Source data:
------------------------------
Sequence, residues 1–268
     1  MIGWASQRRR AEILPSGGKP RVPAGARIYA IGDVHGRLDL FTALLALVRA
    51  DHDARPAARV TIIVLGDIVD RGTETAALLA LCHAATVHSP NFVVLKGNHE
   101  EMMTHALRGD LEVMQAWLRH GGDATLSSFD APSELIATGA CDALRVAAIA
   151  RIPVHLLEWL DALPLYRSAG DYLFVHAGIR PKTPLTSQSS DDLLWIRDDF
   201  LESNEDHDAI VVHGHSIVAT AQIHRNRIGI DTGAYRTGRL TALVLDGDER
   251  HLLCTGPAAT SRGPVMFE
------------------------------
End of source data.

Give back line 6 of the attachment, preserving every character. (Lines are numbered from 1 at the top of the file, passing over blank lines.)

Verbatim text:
   201  LESNEDHDAI VVHGHSIVAT AQIHRNRIGI DTGAYRTGRL TALVLDGDER